- #1

- 212

- 4

First, here is my source: http://www.thescienceforum.com/physics/30059-solving-einstein-field-equations.html [Broken]

As you can see, this person was showing how to solve at least one basic scenario for the Einstein field equations. Now I have a couple of questions about this person's work?

1. When he proposed that ansatz, why is it that only the first two terms of the space time interval had functions of r attached to them? Here is what I mean:

ds

Notice that only the first two terms of this equation have unknown functions of r like B(r) or A(r) and the other terms don't. Why is this? Why do the unknown functions only go towards the first two terms?

2. I can tell that the space time interval for this scenario is very similar to that of spherical coordinates. Therefore, it is not too hard for me to imagine what the metric tensor for this particular scenario would look like. However, in general cases where the ansatz and the ultimate space time interval that you derive as your solution are not similar to commonly known coordinate systems, how exactly would you derive your metric tensor from your solution?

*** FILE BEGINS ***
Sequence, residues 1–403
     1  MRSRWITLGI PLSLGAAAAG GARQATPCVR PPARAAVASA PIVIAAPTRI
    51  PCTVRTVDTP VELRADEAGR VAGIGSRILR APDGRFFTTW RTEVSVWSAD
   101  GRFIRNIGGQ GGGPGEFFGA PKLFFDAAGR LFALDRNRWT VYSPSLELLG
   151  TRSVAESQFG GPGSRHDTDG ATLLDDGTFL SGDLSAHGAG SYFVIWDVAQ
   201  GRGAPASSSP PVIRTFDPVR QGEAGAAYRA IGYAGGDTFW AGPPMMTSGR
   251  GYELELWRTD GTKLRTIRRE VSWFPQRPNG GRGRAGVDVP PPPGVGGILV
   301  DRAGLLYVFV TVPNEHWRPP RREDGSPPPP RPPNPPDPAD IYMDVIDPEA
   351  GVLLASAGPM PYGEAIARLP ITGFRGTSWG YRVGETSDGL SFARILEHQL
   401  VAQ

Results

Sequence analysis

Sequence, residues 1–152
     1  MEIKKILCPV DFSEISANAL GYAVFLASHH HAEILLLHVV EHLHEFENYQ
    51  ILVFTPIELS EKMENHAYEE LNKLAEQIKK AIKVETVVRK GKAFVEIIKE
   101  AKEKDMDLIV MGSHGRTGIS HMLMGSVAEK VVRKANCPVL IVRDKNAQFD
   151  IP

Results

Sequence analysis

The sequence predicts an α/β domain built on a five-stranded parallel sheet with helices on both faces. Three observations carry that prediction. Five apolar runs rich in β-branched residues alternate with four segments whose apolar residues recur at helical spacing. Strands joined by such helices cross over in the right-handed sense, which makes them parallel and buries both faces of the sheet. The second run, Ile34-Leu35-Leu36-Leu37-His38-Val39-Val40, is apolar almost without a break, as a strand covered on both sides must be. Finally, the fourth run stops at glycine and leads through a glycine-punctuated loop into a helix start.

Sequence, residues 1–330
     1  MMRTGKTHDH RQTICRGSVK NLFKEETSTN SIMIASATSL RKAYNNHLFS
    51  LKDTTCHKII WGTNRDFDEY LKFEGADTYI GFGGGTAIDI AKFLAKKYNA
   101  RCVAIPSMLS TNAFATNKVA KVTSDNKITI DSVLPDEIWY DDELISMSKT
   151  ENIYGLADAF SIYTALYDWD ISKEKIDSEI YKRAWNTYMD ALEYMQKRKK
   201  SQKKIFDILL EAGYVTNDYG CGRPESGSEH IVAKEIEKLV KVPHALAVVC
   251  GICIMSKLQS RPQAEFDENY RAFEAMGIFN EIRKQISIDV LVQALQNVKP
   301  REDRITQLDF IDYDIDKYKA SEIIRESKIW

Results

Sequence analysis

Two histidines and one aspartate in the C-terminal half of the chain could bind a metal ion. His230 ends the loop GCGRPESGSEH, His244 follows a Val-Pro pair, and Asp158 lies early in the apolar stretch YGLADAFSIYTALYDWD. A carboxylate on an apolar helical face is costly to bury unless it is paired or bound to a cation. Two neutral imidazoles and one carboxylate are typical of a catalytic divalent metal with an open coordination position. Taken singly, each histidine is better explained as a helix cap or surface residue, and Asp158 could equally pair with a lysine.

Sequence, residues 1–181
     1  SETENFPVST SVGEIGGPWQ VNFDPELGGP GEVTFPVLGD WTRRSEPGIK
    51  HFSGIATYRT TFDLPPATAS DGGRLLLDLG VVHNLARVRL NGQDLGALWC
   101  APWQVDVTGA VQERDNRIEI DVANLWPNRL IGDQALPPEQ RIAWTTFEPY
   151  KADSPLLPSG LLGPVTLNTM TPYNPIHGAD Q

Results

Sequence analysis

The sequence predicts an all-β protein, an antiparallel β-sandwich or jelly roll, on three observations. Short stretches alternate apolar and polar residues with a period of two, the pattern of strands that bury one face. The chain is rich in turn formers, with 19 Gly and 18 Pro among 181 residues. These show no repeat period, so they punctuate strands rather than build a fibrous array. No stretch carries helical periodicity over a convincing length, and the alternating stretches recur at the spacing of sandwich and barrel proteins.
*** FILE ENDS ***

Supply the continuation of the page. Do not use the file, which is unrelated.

From what I have learned thus far, you are solving for the metric tensor when you solve the Einstein field equations. If you just derive the space time interval however, how do you actually get your metric tensor (and actually solve the equations) from this?

As you can see, this person was showing how to solve at least one basic scenario for the Einstein field equations. Now I have a couple of questions about this person's work?

1. When he proposed that ansatz, why is it that only the first two terms of the space time interval had functions of r attached to them? Here is what I mean:

ds

^{2}= B(r)c^{2}t^{2}- A(r)dr^{2}- r^{2}(dθ^{2}+ sin^{2}θdø^{2})Notice that only the first two terms of this equation have unknown functions of r like B(r) or A(r) and the other terms don't. Why is this? Why do the unknown functions only go towards the first two terms?

2. I can tell that the space time interval for this scenario is very similar to that of spherical coordinates. Therefore, it is not too hard for me to imagine what the metric tensor for this particular scenario would look like. However, in general cases where the ansatz and the ultimate space time interval that you derive as your solution are not similar to commonly known coordinate systems, how exactly would you derive your metric tensor from your solution?

From what I have learned thus far, you are solving for the metric tensor when you solve the Einstein field equations. If you just derive the space time interval however, how do you actually get your metric tensor (and actually solve the equations) from this?

Last edited by a moderator: